Local Riding Mowers Cited Under Federal Regulation
Riding mowers with an engine greater than 20 horsepower used by municipal employees must have roll protection (seen above, with an added shade component), according to a federal OSHA statute.
Taxpayers in Falconer, New York, have been forced to spend an additional $3,000 on unnecessary riding mower protection over excessive OSHA regulations.
According to a federal OSHA statute, riding mowers with an engine of more than 20 horsepower used by municipal employees must have rollover bars for safety. State officials enforcing the rule cited Falconer public works superintendent Sam Ognibene for two 26-horsepower mowers purchased in 2011.
''The law is set up for larger tractors, not riding mowers used for mowing a park or what people use at home to mow their lawn,'' Ognibene told the Jamestown Post-Journal. ''The regulations are outdated and don't apply to everything. Someone needs to look at the law and revise it.''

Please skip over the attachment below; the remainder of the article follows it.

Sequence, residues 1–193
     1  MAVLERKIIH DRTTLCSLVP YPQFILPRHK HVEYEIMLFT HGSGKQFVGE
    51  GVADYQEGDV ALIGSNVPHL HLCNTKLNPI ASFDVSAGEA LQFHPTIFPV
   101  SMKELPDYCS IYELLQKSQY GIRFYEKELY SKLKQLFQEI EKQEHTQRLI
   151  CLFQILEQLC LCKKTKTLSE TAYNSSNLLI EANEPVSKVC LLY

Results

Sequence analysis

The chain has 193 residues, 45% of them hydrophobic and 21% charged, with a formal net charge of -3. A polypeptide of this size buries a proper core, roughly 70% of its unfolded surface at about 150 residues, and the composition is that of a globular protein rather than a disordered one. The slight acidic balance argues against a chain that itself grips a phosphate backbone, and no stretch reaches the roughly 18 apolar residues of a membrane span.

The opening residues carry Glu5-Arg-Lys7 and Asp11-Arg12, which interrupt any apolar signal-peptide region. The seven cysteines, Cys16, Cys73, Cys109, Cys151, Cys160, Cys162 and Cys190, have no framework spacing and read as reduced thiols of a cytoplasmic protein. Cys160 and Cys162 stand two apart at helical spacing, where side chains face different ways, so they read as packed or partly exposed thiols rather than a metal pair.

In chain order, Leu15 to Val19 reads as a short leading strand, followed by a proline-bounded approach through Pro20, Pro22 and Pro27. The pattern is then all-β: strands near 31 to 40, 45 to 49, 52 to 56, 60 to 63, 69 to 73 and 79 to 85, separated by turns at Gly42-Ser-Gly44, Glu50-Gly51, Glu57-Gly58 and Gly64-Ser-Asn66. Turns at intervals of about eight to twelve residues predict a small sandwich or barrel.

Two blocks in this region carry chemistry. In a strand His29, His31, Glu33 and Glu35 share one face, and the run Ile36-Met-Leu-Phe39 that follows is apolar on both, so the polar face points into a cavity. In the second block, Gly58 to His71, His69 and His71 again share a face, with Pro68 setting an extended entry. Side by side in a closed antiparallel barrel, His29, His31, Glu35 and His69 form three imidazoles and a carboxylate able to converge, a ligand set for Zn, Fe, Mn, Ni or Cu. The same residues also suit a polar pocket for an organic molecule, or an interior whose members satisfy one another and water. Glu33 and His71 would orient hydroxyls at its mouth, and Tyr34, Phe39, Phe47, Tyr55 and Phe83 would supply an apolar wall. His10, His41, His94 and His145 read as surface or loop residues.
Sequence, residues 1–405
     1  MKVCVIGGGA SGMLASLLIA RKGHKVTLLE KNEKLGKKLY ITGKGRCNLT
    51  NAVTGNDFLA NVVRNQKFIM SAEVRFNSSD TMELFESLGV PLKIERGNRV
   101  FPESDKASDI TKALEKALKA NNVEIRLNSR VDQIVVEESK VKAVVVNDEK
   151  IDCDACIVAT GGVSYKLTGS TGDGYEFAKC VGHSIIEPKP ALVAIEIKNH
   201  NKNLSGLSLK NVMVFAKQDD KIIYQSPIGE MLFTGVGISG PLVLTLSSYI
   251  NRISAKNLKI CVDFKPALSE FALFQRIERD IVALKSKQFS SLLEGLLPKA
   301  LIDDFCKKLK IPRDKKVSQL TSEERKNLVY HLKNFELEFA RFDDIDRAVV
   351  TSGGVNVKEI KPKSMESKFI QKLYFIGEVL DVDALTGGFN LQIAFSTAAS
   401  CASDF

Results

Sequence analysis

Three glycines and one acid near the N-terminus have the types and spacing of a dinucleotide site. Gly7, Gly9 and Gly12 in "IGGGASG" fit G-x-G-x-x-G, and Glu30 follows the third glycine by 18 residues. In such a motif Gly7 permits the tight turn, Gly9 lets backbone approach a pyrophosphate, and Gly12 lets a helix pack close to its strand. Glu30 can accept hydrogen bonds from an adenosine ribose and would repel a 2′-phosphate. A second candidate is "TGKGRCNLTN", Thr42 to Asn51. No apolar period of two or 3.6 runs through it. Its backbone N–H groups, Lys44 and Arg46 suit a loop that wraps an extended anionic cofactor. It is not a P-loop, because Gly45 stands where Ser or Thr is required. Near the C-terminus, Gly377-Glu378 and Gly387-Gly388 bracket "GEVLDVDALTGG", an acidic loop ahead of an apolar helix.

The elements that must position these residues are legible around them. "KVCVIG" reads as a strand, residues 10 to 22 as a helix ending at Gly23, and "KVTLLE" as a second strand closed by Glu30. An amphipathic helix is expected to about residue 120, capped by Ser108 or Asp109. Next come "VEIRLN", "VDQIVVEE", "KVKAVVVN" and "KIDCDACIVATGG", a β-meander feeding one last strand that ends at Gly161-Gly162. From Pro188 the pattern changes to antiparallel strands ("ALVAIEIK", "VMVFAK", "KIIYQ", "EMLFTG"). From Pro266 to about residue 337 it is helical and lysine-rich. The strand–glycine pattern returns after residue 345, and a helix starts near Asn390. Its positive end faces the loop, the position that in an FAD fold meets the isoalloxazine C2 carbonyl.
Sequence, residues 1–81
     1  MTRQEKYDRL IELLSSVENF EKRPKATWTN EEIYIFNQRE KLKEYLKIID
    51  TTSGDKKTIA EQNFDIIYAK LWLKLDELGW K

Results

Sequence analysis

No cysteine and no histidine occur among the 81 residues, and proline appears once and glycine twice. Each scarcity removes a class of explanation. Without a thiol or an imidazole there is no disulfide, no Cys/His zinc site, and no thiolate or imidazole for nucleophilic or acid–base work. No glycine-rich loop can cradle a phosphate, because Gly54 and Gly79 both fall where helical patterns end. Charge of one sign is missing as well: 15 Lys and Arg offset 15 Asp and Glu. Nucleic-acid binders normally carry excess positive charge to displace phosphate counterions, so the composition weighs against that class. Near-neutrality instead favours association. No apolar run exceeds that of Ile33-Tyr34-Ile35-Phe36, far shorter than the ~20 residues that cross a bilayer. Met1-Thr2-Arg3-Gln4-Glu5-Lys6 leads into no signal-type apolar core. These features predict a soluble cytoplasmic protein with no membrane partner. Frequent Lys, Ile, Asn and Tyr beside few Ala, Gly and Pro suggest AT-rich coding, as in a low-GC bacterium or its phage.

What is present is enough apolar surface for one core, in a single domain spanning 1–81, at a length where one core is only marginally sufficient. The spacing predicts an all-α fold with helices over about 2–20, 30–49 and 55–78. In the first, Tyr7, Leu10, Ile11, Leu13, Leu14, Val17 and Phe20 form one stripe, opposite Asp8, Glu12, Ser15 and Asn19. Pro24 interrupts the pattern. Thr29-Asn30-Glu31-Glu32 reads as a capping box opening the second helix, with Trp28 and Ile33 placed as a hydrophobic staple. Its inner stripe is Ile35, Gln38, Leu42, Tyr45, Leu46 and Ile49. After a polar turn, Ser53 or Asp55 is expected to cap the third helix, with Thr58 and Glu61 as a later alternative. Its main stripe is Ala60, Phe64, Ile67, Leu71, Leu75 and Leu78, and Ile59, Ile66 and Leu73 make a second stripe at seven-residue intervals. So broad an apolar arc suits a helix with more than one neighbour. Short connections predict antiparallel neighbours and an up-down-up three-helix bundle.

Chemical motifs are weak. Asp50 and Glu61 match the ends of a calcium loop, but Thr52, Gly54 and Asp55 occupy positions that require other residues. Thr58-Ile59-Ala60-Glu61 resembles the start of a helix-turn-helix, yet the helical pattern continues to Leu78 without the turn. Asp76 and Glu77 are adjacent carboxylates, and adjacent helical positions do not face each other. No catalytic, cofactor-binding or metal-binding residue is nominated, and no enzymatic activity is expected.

Ognibene traded in the two mowers for new tractors, opting for one 18-horsepower mower that does not require the rollover protection and one mower above 20-horsepower with the safety feature. Buying new tractors to be in compliance cost the town of about 2,500 residents an additional $3,000.
The public works supervisor said he originally bought the higher-horsepower mower because its speed helps municipal officials fulfill mowing duties in village parks and cemeteries. The new tractor's rollover protection also takes up more space, which makes mowing more difficult.
''We're not the only municipality being hit by this,'' Ognibene said. ''These type of regulations add up to a lot of money for all municipalities. It is an added expense that is unnecessary.''